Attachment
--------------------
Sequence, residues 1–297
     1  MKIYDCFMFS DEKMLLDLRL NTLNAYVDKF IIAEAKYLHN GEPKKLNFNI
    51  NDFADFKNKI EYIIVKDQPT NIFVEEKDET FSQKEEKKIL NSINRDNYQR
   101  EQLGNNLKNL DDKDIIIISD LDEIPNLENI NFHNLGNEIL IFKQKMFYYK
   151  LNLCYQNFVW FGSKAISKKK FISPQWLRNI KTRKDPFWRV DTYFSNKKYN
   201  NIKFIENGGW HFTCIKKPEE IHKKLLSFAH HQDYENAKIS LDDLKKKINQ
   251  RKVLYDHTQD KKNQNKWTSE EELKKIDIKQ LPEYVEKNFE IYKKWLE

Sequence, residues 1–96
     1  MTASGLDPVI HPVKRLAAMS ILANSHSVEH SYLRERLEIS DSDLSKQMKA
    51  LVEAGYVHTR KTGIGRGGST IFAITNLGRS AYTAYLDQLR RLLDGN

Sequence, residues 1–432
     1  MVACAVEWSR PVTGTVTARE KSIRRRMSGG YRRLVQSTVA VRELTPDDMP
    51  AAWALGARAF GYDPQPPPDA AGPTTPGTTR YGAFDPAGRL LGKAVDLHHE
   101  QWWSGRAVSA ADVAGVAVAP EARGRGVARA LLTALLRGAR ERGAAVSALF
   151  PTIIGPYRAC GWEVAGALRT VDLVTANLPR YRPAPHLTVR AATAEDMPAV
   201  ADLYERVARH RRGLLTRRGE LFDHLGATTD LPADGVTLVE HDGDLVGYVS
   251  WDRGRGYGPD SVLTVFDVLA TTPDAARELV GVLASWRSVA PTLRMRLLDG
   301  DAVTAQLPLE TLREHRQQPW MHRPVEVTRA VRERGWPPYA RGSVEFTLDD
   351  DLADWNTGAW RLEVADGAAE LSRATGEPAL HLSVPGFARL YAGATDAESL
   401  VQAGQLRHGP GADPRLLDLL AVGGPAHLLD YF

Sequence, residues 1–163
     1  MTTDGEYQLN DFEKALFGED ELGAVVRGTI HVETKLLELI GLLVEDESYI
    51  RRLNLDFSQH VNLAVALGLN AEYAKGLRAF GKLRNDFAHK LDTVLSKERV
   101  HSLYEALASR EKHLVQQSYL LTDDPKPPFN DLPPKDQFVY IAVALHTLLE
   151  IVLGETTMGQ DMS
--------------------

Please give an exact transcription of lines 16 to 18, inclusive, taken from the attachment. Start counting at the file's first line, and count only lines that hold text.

   201  ADLYERVARH RRGLLTRRGE LFDHLGATTD LPADGVTLVE HDGDLVGYVS
   251  WDRGRGYGPD SVLTVFDVLA TTPDAARELV GVLASWRSVA PTLRMRLLDG
   301  DAVTAQLPLE TLREHRQQPW MHRPVEVTRA VRERGWPPYA RGSVEFTLDD